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Derrida's Monkey
by Nell Farrell
(pub. 2018)

This debut collection is a fluent and confident journey through the most unlikely yet engaging of characters. We meet reckless nuns, a made-up dead husband, mermaids with their own speech therapist and social worker, French soldiers learning English, Captain Scott on the occasion of his birthday dinner, and we are seduced by poems in a dazzling array of voices – among them a retired wildlife photographer, Mary Queen of Scots, a pet orangutan and the beleaguered princess from Hans Christian Anderson’s 'The Wild Swan's. Nell Farrell has already proved herself with three highly regarded pamphlets to her name. This collection seals her reputation as a poet who is going places.


Praise for Derrida's Monkey:

“Nell Farrell’s Derrida’s Monkey is a sharp, witty, and at times surreal collection, whether addressing works of art, mythology or literary figures. An outstanding set of poems about wayward teenage mermaids is a centrepiece to the collection but all the book’s poems are acutely observed, rich in texture and warm with empathy. These poems create an effortless intimacy with their subjects and often the reader can feel like they’re eavesdropping and overhearing something not quite meant for their ears. Nell Farrell’s use of voices is enchanting and intrigu- ing – this is a book that speaks in many tongues.”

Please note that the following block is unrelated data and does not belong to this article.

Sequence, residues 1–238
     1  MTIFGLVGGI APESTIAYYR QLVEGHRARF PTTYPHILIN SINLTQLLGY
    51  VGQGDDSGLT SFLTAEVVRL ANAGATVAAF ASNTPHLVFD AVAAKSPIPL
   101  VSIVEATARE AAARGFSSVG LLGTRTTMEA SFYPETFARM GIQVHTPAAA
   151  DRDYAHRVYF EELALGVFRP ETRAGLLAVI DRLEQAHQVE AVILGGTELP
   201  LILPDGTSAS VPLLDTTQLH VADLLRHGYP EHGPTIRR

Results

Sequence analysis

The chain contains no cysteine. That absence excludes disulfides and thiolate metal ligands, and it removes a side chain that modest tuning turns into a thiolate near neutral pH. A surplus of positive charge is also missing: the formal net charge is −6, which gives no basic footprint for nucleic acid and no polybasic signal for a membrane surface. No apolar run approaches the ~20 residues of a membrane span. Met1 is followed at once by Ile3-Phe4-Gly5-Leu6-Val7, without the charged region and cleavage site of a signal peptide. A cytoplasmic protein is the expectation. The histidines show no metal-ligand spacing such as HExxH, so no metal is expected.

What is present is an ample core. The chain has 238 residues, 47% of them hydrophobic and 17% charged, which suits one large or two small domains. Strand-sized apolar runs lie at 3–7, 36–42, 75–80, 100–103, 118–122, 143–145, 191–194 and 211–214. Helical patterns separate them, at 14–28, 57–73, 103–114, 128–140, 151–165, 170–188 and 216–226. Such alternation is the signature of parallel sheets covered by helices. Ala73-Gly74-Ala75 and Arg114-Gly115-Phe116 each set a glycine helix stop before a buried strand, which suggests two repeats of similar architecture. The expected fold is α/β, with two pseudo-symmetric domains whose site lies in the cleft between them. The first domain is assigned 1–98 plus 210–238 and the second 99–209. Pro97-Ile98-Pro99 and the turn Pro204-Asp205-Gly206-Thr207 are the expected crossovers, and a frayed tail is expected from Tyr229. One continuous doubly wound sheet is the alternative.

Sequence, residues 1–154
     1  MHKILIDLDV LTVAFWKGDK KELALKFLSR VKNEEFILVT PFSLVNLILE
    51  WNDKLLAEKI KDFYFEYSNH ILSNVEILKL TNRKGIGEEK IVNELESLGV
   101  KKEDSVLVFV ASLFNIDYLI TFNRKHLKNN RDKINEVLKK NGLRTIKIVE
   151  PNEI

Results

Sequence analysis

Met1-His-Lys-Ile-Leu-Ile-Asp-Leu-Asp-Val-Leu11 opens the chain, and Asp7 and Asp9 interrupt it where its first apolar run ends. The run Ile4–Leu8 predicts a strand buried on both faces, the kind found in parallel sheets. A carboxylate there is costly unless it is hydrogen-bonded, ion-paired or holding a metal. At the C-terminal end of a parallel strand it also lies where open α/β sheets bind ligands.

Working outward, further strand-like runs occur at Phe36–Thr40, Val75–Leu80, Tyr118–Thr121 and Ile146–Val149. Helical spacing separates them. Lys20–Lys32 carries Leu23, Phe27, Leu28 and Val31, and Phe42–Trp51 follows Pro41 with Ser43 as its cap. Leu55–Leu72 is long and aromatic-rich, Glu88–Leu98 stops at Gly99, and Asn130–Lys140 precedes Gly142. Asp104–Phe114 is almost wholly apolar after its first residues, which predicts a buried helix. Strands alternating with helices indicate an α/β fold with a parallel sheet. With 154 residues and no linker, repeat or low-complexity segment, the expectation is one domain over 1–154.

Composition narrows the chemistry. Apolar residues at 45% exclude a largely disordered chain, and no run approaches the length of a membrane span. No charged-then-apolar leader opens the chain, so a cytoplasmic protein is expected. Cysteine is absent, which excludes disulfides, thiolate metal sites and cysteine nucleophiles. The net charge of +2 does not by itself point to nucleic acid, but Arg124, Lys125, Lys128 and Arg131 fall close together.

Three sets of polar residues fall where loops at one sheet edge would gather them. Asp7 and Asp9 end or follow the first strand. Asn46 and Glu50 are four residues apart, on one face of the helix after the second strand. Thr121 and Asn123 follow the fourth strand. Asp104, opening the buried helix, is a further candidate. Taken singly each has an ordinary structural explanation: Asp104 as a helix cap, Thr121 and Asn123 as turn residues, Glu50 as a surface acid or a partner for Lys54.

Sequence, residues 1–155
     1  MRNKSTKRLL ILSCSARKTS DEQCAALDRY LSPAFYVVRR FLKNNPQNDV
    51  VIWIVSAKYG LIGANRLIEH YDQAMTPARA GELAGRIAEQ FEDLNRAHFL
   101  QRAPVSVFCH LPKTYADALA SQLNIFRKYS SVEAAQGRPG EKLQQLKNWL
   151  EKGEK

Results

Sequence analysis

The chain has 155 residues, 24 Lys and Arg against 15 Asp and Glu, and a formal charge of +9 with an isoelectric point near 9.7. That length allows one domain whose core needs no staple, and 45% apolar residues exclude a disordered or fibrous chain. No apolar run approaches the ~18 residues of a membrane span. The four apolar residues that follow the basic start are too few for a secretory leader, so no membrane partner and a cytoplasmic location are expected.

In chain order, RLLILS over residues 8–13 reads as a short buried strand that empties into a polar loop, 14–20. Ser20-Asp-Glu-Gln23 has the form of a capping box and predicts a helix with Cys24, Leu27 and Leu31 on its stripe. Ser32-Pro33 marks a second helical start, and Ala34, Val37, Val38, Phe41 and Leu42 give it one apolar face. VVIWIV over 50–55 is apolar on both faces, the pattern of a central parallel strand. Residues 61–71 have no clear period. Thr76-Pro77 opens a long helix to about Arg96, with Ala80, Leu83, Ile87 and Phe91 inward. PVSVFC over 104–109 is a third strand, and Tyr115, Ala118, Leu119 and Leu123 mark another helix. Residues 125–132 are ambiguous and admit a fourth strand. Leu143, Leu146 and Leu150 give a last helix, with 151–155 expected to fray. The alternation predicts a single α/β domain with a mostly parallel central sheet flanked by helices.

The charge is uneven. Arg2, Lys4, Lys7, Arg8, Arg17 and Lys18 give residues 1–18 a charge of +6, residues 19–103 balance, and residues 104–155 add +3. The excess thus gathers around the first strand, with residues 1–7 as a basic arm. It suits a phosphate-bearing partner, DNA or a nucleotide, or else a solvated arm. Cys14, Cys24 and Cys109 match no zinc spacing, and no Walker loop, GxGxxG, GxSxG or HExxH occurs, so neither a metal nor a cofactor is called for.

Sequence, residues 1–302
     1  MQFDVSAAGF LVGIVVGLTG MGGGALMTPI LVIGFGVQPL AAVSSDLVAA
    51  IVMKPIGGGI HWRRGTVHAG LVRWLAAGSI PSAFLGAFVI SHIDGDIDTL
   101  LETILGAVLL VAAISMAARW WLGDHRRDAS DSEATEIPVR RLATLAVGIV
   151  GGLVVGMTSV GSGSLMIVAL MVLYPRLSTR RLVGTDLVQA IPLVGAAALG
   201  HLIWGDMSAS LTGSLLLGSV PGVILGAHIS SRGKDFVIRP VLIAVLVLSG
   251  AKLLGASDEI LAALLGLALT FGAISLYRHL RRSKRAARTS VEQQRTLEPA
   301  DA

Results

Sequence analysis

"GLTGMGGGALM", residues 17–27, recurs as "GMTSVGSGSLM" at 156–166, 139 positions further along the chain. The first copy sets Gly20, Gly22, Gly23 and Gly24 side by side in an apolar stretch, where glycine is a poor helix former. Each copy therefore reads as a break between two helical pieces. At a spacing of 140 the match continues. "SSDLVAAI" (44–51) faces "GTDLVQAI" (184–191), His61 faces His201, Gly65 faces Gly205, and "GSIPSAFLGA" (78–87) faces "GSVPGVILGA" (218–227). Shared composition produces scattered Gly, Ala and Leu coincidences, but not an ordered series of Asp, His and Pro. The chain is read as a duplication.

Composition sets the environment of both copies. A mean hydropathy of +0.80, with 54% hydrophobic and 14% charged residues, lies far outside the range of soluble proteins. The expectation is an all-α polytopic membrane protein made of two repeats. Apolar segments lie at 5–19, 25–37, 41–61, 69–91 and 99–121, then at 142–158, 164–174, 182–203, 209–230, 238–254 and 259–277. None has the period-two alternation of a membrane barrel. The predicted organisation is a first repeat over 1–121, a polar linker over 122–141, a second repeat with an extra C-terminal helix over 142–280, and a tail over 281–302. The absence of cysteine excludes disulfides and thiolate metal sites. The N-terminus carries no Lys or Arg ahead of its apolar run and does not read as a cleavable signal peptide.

Suzannah Evans


“Thank goodness for Nell Farrell. A skilled and generous poet, she draws us into a vivid world where humans blunder about, tripping over obstacles of our own making. Hope and wonderment appear in unlikely places. Tigers, dead mice, birds, orangutans and wolves hint at different and refreshing ways to en- gage with the world, and always with compassion and wry humour. The surreal never slides into whimsy, and the otherworldly is firmly rooted in the magic of the everyday. Here, mermaids are bracingly unpredictable, free of sanitised cuteness. Strong and tender, these poems reverberate in the mind long after reading. A wonderful debut collection that leaves the reader ‘dizzy, full of belief / in something beyond taming’.”

Rosie Garland

Mourning Elvis

The news drops on our heads
like Pentecostal tongues of flame
from radio speakers perched on girders
high above the heating pipes.

It floats around us as we fold the blankets, dancing,
billow them in polythene, heat-seal them,
send them to the shop. Coats and trousers
rattle clean, steam spurts and hisses,

trolleys scrape along the concrete floors.
We’re dizzy from the solvent fumes. Posh Kath
from the office cries into her break-time tea.
It’s not my kind of music. Marie with her wild girl hair,

her sweet and trusting husband,
invites me after work and draws the curtains.
In the still-light afternoon we hurl our arms and legs
to Alex Harvey’s Faith Healer, louder and louder.

But I can see this news has put them
underwater. The air is stunned.
Women rhyme away their heartbreak,
counting up how many summers have gone by.

Tales reach me later of what happens next.
By Christmas Joan and June and Helen
leave their husbands and are mourning Elvis
in the arms of eighteen year-old boys.

I imagine a humming, a jiving in their blood:
one of them, maybe June,
gorgeous, loud and mini-skirted at forty,
or quiet Helen, being first to think Why not?

And then the others, not copying exactly,
just the way a fashion starts,
the way you want one too,
the way some songs go straight to number one.


(from Derrida's Monkey)

Derrida's Monkey

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